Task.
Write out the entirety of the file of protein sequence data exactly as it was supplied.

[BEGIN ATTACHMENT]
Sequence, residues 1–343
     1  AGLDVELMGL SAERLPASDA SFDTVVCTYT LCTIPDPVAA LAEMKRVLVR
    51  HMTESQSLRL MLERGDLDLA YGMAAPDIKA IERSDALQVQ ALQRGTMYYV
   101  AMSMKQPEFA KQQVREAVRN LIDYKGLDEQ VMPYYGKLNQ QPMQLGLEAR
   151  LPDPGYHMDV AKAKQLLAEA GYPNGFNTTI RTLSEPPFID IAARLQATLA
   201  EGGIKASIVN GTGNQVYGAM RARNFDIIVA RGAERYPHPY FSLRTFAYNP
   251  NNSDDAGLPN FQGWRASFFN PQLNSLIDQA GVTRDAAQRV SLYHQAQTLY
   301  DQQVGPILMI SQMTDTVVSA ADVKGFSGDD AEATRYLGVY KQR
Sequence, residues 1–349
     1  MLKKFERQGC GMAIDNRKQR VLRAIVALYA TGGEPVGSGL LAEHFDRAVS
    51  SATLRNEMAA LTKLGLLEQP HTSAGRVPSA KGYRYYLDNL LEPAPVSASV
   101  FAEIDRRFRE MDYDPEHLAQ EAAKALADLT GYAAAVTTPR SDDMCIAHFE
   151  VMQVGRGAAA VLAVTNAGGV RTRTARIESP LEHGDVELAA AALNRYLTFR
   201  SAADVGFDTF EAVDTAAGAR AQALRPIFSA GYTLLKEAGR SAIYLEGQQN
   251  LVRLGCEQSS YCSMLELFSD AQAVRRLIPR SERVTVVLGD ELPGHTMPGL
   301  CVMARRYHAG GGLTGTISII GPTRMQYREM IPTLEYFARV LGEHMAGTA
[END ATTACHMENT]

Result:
Sequence, residues 1–343
     1  AGLDVELMGL SAERLPASDA SFDTVVCTYT LCTIPDPVAA LAEMKRVLVR
    51  HMTESQSLRL MLERGDLDLA YGMAAPDIKA IERSDALQVQ ALQRGTMYYV
   101  AMSMKQPEFA KQQVREAVRN LIDYKGLDEQ VMPYYGKLNQ QPMQLGLEAR
   151  LPDPGYHMDV AKAKQLLAEA GYPNGFNTTI RTLSEPPFID IAARLQATLA
   201  EGGIKASIVN GTGNQVYGAM RARNFDIIVA RGAERYPHPY FSLRTFAYNP
   251  NNSDDAGLPN FQGWRASFFN PQLNSLIDQA GVTRDAAQRV SLYHQAQTLY
   301  DQQVGPILMI SQMTDTVVSA ADVKGFSGDD AEATRYLGVY KQR
Sequence, residues 1–349
     1  MLKKFERQGC GMAIDNRKQR VLRAIVALYA TGGEPVGSGL LAEHFDRAVS
    51  SATLRNEMAA LTKLGLLEQP HTSAGRVPSA KGYRYYLDNL LEPAPVSASV
   101  FAEIDRRFRE MDYDPEHLAQ EAAKALADLT GYAAAVTTPR SDDMCIAHFE
   151  VMQVGRGAAA VLAVTNAGGV RTRTARIESP LEHGDVELAA AALNRYLTFR
   201  SAADVGFDTF EAVDTAAGAR AQALRPIFSA GYTLLKEAGR SAIYLEGQQN
   251  LVRLGCEQSS YCSMLELFSD AQAVRRLIPR SERVTVVLGD ELPGHTMPGL
   301  CVMARRYHAG GGLTGTISII GPTRMQYREM IPTLEYFARV LGEHMAGTA